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MSU Trustees to select new leadership at January meeting

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Amanda Barberena

The Michigan State University Board of Trustees is set to select new leadership officers at its first meeting of the year.

Trustees will select and vote for the chair and vice-chair at their first meeting of the year on Wednesday morning to lead the board through 2024. Current chair Dianne Byrum says she will not be running for another term.

The board's Code of Ethics and Conduct designates the chair as the primary spokesperson to the public in regard to the group's business. The officers also assign trustees to the internal committees that advance the university's priorities.

The leadership will broadly shape the board’s approach to managing financial and administrative matters at the university.

Following recent controversies, the board's primary challenge is to rebuild trust with campus community members.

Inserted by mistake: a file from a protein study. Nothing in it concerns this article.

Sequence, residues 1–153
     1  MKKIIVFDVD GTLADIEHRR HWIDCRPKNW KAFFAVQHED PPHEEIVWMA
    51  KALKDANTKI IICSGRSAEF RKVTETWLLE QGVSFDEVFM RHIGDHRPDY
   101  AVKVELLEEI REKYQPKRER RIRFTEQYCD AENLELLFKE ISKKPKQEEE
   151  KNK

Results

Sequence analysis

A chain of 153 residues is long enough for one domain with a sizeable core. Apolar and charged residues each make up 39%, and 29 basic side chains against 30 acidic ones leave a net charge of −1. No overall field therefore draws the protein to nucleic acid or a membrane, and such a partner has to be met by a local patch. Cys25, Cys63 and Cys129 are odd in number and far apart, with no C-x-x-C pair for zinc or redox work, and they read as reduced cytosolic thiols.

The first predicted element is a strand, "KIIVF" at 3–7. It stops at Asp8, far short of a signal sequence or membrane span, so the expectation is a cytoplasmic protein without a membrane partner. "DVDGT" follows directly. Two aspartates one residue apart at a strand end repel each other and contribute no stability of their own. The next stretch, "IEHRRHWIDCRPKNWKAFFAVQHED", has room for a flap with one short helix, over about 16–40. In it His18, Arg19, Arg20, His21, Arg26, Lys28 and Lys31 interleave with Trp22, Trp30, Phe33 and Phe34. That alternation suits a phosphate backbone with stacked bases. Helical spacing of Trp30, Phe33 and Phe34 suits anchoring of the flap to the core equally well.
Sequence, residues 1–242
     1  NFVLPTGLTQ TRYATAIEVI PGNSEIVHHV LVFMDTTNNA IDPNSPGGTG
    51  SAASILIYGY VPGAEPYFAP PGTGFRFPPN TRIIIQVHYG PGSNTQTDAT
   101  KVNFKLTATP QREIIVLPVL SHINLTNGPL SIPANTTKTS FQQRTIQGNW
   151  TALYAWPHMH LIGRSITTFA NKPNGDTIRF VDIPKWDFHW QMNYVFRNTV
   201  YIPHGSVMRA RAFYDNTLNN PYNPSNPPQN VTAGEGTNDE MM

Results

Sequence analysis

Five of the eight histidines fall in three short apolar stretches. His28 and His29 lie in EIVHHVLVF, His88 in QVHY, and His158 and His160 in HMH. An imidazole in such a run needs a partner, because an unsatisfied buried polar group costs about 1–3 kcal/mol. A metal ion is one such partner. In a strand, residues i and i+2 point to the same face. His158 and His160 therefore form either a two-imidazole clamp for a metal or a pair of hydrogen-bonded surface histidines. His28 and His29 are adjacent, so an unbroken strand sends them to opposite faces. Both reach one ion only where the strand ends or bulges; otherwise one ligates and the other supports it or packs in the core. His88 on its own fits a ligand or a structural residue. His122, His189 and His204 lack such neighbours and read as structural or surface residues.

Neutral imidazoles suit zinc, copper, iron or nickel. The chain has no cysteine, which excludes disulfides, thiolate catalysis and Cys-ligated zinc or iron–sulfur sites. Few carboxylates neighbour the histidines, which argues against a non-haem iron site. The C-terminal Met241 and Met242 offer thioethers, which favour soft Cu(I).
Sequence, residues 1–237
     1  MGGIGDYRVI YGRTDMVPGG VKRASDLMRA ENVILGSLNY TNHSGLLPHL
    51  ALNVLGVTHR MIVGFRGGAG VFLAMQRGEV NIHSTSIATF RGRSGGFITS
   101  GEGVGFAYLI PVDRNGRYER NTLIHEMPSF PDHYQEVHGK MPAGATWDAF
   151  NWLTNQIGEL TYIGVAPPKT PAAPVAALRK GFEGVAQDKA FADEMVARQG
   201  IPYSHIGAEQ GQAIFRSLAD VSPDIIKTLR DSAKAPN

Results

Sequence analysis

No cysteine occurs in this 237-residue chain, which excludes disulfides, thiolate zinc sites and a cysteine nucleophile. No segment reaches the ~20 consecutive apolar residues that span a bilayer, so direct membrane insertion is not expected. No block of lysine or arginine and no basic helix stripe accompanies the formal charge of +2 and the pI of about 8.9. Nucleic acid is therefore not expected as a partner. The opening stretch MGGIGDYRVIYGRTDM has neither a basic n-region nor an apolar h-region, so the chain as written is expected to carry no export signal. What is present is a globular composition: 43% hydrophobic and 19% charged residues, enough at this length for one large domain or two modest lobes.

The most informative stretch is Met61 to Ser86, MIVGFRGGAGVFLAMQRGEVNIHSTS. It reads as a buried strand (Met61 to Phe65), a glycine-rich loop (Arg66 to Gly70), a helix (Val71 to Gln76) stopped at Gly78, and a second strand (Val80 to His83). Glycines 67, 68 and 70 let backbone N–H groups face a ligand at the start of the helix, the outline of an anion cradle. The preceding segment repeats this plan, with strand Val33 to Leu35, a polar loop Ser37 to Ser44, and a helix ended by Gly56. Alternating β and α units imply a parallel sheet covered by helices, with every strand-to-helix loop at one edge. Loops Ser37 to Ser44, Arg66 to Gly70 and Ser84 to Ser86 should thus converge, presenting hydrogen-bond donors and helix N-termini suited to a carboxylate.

Byrum said the only criteria to serve as chair or vice-chair is to be a current board member. She added the process of selecting the leaders is a collaborative effort around setting the group's agenda.

“It's really a conversation among your colleagues on your leadership style, the priorities, the needs of the board for that particular two-year session cycle,” she said.

One of the board's priorities is finding a permanent president to lead MSU following Samuel Stanley Jr.'s resignation and former Provost Teresa Woodruff's appointment as interim president.

Byrum said the presidential search will be a top priority for the board’s officers.

"We need to form a not only a search committee, but identify a search firm, and then do all of the listening sessions across the greater MSU community,” she said.

The board has also seen an internal shakeup that could shift its priorities. Following last year’s election and a resignation in the group, two new trustees, Dennis Denno and Sandy Pierce, are joining the board this year. The group now consists of seven Democratic trustees and one Republican.

Byrum says the chair will also oversee a review of the group's internal bylaws that dictate how the board operates. She called many of the policies "old and obsolete" and in need of significant revisions.

Arjun Thakkar is WKAR's politics and civics reporter.
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